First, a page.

Prison typewriter blues
A prison inmate serving three life sentences for first-degree murder convictions in 1968 has filed a complaint alleging two officials at the Gus Harrison Correctional Facility in Madison Township illegally took his Smith-Corona Office 2000 memory typewriter. He claims the officials took his typewriter by claiming it became contraband when a third party paid a $214 repair bill when it was sent out to be fixed in 2013. There is no regulation that specifically prohibited his sister from directly paying the company that repaired the machine, he stated in his suit. He is seeking compensation for the typewriter and repair costs. And he is claiming $3900 in punitive damages against the prison property room officer and a counsellor who upheld the contraband determination.
Oh, Oliver!
Oh, San Antonio!
"Learn more about the typewriter", said San Antonio, Texas, TV channel KSAT. KSAT would do well to start learning something itself. 
"The typewriter was invented in the 1860s and quickly became a machine many professionals used in offices. The machine works by means of keyboard-operated types striking a ribbon to transfer ink on to a piece a paper. Bye the end of the 1980s, word processors and computers had mostly displaced typewriters, but some can still be found. In India, as of the 2010s,  the typewriter is still prominent."

Tuesday 24 February 2015

Sholes' Vision

Christopher Latham Sholes certainly had vision. After all, he gave us the typewriter. Yet in the northern summer of 1878, he wrote a letter on his prototype portable typewriter to James Densmore's brother Amos, saying the typewriter enterprise he had started in 1867 would be dead by 1883. "The trouble [with it] is just where I have always placed it - to wit: that the machine, taking everything into account, is not a labor-saving machine. The public doesn't need it - doesn't want it. It doesn't sell itself ... If you recollect, I gave 5 years for the enterprize to play out in. It will in less time."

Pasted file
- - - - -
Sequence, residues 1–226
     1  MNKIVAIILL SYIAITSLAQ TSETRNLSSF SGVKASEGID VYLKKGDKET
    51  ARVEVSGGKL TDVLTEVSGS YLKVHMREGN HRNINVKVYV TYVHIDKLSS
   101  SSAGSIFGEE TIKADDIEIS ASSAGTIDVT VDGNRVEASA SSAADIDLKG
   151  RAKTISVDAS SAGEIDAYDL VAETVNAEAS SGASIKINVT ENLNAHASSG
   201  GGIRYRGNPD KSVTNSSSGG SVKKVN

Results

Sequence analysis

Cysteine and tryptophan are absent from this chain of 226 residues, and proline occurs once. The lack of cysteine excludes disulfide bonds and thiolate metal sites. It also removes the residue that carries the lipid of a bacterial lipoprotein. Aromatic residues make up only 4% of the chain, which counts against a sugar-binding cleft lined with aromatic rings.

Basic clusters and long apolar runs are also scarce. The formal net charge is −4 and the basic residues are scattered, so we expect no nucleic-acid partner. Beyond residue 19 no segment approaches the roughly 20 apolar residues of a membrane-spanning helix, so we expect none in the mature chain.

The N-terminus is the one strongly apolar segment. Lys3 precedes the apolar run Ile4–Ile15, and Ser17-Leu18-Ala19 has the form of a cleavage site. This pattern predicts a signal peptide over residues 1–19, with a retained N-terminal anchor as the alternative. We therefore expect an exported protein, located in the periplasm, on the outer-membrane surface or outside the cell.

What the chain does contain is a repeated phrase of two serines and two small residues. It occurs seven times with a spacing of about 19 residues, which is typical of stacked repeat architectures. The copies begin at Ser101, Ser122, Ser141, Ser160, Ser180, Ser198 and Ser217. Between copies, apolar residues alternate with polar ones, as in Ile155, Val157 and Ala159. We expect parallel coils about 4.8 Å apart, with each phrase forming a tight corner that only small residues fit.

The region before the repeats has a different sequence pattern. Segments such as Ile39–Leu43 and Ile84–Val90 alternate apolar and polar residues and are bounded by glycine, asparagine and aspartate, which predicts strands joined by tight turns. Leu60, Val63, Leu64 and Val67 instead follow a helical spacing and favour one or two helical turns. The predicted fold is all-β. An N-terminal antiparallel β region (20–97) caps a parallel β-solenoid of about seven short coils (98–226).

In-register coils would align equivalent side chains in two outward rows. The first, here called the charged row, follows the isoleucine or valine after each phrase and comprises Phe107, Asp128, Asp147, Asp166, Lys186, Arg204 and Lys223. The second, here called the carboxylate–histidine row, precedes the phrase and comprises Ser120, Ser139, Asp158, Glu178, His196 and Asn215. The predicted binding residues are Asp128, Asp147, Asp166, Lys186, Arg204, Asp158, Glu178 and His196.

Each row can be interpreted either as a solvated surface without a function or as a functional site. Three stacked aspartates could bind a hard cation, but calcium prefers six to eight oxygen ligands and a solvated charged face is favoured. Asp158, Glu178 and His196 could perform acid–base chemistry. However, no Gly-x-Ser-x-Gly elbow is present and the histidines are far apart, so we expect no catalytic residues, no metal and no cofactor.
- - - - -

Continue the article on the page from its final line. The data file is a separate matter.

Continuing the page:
Sholes thought he was dying and wouldn't even see the end of the enterprise. But as to his forecast about the typewriter's longevity, he was of course dead wrong. One hundred and thirty-seven years later, the typewriter is still being made.
Only a few months before writing this exceedingly pessimistic letter to Amos Densmore, Sholes believed he was "big with prophecy". And indeed he was.
In July 1877 Sholes' lungs began to bleed. After a serious relapse that September, he decided to escape another Milwaukee winter and join his son Clarence Gordon "Cass" Sholes (1845-1926) in Colorado. In November he spent a few weeks recuperating at the foot of Pikes Peak in Manitou.
Sholes returned to Manitou Springs in February 1878, in time to celebrate his 59th birthday there. He resigned from the Milwaukee board of public works, hoping and praying what little money that came in from the typewriter enterprise would be enough to keep him going.
He stayed on in Colorado through the spring, his mind following a chain of thought that had started with the news of the invention of Thomas Edison's phonograph.
Sholes saw a future in which newspapers would be obsolete. Daily news would be recorded on tinfoil cylinders and then reproduced on a clockwork mechanism in every home. "While the family breakfasted or dined, the children and the older folk alike would become well informed in spite of themselves. The correspondence and records of business offices would be served by the same mechanical magic, and so the typewriter would be eliminated along with the printing press."
Sound familiar? Yes, Sholes might have been very wrong about the typewriter and its ability to survive beyond 1883. But in the spring of 1878, in Manitou Springs, he envisaged 2015, with a clarity that matched the crisp Colorado air around him.  

Unreliable Memories: Why the McCarthy Olivetti Lettera 32 Story is Full of Holes

"I think that when the lies are all told and forgot the truth will be there yet."
 ― Cormac McCarthy, No Country for Old Men
Peter Crossing is one of those mates for whom one would always make an exception - and an effort. After all, Peter has gone out of his way, dragging along his ever-loving wife Deborah in the process, to not alone find but photograph for me the Sholes & Glidden in the Smithsonian in Washington DC, the "Rose in the Barbwire Forest" Voss in the women's history museum in Hanoi, and typewriters in a museum in Bridgetown, Barbados. Better still, Peter and Deborah hosted that superb QWERTY Award evening at their home in Curtin last October.
So when Peter came looking for a portable typewriter for his friend Michael back in his native Adelaide, I naturally got on with the job. After bad experiences with some brain dead South Australians last year, I vowed I'd never again send a typewriter beyond MacCabe Corner. But this request was, as I said, an exception.